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Attack! Silent watchmen charge to defend the nervous system

October 16, 2012

In many pathologies of the nervous system, there is a common event - cells called microglia are activated from surveillant watchmen into fighters. Microglia are the immune cells of the nervous system, ingesting and destroying pathogens and damaged nerve cells. Until now little was known about the molecular mechanisms of microglia activation despite this being a critical process in the body. Now new research from the Montreal Neurological Institute and Hospital – The Neuro - at McGill University provides the first evidence that mechanisms regulated by the Runx1 gene control the balance between the surveillant versus activated microglia states. The finding, published in the Journal of Neuroscience, has significant implications for understanding and treating neurological conditions.

Microglia

As surveillant watchmen, microglial cells wait for something bad to happen in the nervous system. They have a small cell body and long branches that monitor the local environment. As soon as there are signs of injury or disease, microglia are activated into fighters. The branches retract and the microglia morph into a large rounded body in order to attack and ingest pathogens: bacteria, viruses, and diseased or injured nerve cells (for example in head trauma). If microglia activation is not precisely controlled, however, it can become harmful to the body as microglia can start to attack healthy cells. For example, after epileptic seizures, the brain responds by regenerating new nerve cells. The microglia help in this process of regeneration, but they can also negatively influence the survival of the new born nerve cells if their activation persists for too long. The research team at The Neuro therefore asked important questions: How can we learn how the process of activating microglia from watchmen to fighter is controlled? What can we do to ensure that the beneficial effects of microglia activation predominate over their potentially deleterious effects?

It turns out that the process of microglia activation in the adult brain is almost a recapitulation in reverse of mechanisms that occur during nervous system development. Microglia in the developing brain are already in an early form of fighter mode and have the capacity to eliminate cell debris and redundant nerve cell connections. Pruning of the nerve cell network is a normal process during development. Soon after birth microglia are gradually deactivated from early fighters to surveillant watchmen, a state that they will maintain until there is injury or trauma in the adult brain, which causes them to revert from watchmen back to fighters. "So the approach we took was to study the normal process of microglia deactivation during brain development on the premise that understanding this process might also help us understand adult brain microglia activation in response to injury or disease," says Dr. Stefano Stifani, lead investigator and neuroscientist at The Neuro. "Our study provides evidence for a previously unrecognized role of a particular gene, termed Runx1, in promoting the transition of microglia from an early form of activated fighter to surveillant watchmen in the postnatal mouse brain. We show that Runx1 is expressed in these early fighter microglia during the first two postnatal weeks and that if Runx1 function in these cells is inhibited they tend to persist longer and their transition into watchmen microglia is delayed. We also looked at an experimental animal model in which an artificial injury causes surveillant microglia to be activated into fighters. This showed that Runx1 expression is induced in microglia when they become activated following injury in the adult mouse nervous system, suggesting that Runx1 might be important for controlling how long fighter microglia remain activated in the adult nervous system, as it does in the developing brain."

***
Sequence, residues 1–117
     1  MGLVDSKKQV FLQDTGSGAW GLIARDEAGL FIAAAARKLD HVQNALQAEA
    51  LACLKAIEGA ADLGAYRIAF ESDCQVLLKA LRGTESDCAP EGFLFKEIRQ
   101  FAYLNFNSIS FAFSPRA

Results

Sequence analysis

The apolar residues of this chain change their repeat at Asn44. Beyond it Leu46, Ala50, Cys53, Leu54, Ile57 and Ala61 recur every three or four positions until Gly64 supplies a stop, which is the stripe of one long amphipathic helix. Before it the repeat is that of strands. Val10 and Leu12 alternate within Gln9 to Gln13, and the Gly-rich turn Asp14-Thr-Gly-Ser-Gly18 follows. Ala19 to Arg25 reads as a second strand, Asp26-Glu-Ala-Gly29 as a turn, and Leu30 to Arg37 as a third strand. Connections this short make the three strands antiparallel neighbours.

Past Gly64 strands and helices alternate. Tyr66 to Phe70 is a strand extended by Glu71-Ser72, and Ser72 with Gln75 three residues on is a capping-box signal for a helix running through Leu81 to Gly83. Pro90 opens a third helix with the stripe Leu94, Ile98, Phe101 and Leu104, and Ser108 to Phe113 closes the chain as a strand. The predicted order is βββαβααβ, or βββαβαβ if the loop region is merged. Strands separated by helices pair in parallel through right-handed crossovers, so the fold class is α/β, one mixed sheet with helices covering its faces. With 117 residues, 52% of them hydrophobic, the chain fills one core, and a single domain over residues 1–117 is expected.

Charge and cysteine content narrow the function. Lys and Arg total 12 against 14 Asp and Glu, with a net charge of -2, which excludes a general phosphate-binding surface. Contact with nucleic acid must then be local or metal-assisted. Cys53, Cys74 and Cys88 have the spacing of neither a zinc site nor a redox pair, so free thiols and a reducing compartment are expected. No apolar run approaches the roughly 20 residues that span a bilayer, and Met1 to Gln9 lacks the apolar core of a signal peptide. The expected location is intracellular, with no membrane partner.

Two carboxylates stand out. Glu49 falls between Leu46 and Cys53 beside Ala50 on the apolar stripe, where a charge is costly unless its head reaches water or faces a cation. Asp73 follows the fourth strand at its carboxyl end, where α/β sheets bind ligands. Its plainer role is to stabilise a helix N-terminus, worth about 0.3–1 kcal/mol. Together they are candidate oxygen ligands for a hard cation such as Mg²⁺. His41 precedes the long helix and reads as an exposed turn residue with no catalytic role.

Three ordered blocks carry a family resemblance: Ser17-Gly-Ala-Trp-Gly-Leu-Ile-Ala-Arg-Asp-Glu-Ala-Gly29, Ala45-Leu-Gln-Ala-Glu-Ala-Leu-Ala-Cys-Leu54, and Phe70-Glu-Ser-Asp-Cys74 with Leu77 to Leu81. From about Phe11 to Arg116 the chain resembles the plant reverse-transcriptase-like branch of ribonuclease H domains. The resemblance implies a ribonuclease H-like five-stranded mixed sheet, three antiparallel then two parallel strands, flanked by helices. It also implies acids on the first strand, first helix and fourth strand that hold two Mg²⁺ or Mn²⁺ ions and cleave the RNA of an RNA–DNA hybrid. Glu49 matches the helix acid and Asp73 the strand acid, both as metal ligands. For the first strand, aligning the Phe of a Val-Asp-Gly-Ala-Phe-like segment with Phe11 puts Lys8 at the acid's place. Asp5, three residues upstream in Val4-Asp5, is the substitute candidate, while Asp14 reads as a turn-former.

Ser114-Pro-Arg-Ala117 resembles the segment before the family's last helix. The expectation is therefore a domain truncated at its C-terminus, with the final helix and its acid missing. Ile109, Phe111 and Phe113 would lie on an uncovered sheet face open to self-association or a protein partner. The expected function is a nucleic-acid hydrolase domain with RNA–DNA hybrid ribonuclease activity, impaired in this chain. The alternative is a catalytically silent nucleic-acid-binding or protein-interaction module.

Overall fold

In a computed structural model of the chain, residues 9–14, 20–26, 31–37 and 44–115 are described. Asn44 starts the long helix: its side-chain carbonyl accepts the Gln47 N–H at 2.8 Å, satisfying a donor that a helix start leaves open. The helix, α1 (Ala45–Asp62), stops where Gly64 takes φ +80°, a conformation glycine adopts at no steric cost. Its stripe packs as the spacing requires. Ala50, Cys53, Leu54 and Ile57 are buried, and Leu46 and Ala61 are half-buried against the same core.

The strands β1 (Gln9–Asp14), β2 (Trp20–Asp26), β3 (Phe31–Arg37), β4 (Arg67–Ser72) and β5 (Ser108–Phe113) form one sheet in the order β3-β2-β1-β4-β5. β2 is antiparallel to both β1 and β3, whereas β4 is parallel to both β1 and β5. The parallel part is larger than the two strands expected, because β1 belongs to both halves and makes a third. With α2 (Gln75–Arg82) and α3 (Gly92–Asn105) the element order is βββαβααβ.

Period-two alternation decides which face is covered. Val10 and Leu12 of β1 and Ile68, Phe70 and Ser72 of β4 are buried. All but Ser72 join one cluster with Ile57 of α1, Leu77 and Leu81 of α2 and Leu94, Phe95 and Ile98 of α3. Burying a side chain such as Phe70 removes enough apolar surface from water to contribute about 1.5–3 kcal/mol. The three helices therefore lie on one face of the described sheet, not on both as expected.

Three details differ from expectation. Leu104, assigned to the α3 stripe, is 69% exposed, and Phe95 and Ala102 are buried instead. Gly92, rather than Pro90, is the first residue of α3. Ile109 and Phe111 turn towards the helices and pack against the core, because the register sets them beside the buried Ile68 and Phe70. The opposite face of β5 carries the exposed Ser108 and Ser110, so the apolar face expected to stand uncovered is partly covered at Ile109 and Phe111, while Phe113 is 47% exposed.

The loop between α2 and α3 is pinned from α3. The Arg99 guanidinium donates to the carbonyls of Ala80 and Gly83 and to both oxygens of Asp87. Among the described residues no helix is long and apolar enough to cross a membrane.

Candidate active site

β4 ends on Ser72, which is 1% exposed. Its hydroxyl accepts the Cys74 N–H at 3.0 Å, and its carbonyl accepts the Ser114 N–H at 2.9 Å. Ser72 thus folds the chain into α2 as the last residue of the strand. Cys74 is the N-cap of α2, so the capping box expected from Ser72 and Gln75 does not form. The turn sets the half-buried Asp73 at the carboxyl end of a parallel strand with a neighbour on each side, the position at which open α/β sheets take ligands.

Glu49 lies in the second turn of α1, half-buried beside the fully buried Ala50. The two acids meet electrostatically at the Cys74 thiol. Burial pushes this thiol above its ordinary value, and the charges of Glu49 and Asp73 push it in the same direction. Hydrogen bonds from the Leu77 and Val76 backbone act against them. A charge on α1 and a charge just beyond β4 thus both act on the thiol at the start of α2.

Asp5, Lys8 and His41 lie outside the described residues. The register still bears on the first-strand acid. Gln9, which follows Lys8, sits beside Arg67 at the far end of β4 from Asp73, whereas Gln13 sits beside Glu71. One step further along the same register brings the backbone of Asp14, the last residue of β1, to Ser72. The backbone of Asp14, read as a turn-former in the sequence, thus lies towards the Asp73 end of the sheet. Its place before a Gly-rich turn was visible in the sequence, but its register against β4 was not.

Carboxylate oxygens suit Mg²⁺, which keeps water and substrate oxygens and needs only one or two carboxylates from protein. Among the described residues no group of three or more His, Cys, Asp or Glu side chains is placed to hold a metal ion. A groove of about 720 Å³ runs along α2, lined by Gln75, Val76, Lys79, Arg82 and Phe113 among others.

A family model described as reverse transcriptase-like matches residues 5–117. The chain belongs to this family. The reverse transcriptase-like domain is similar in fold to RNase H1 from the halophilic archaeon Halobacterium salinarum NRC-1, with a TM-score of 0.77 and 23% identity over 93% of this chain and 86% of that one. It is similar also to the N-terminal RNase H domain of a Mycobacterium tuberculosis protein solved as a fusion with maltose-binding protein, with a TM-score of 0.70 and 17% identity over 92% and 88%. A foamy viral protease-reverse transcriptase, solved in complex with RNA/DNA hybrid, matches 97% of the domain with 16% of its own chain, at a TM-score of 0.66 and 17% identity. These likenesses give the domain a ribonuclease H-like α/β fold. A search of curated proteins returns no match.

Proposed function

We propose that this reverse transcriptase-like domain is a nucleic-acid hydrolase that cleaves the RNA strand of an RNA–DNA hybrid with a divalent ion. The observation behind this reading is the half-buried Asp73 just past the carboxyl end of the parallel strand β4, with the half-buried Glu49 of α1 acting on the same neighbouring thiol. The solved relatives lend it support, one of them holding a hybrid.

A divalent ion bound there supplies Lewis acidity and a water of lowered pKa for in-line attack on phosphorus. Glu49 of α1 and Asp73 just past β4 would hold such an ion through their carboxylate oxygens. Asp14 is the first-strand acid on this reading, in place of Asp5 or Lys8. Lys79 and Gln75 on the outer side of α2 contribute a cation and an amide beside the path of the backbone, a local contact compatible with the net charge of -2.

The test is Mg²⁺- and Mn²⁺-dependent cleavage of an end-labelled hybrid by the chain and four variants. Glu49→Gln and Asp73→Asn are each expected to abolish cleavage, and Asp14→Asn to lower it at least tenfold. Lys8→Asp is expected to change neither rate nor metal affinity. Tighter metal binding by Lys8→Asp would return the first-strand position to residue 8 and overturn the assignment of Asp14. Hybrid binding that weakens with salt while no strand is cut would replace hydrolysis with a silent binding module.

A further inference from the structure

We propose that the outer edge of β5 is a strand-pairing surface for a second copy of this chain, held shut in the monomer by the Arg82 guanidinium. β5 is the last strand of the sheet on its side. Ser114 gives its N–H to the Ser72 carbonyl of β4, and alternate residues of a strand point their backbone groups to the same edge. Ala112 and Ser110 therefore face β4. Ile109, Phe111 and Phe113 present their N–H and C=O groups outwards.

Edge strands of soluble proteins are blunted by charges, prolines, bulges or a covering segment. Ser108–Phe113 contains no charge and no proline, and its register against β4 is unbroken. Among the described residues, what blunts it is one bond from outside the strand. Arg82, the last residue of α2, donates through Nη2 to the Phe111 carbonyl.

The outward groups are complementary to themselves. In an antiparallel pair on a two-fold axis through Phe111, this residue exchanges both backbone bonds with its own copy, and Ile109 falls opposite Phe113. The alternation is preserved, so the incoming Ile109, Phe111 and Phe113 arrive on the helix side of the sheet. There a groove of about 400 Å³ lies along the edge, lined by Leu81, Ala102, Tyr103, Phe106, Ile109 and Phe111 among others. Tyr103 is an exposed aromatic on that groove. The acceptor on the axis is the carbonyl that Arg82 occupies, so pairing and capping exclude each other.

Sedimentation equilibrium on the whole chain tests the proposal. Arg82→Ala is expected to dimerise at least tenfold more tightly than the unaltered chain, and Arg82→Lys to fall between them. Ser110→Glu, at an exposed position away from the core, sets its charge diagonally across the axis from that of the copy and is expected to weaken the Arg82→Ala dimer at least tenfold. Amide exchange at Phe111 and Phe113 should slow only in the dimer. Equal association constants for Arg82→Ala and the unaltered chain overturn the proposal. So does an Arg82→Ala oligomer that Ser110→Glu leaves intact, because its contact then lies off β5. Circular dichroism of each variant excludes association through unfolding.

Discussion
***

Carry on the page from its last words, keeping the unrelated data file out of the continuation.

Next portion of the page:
These findings improve our understanding of microglia biology in the developing and injured adult brain. Moreover, they have potential therapeutic implications for several neurological conditions - further research could lead to the development of treatment strategies by pharmacologically targeting key modulators of microglia activation.

About The Neuro
The Montreal Neurological Institute and Hospital — the Neuro, is a unique academic medical centre dedicated to neuroscience. Founded in 1934 by the renowned Dr. Wilder Penfield, the Neuro is recognized internationally for integrating research, compassionate patient care and advanced training, all key to advances in science and medicine. The Neuro is a research and teaching institute of McGill University and forms the basis for the Neuroscience Mission of the McGill University Health Centre. Neuro researchers are world leaders in cellular and molecular neuroscience, brain imaging, cognitive neuroscience and the study and treatment of epilepsy, multiple sclerosis and neuromuscular disorders. For more information, visit theneuro.com.

Contact : Anita Kar, The Neuro, 514 398 3376, anita.kar@mcgill.ca




Page last updated: Oct. 16, 2012 at 8:55 AM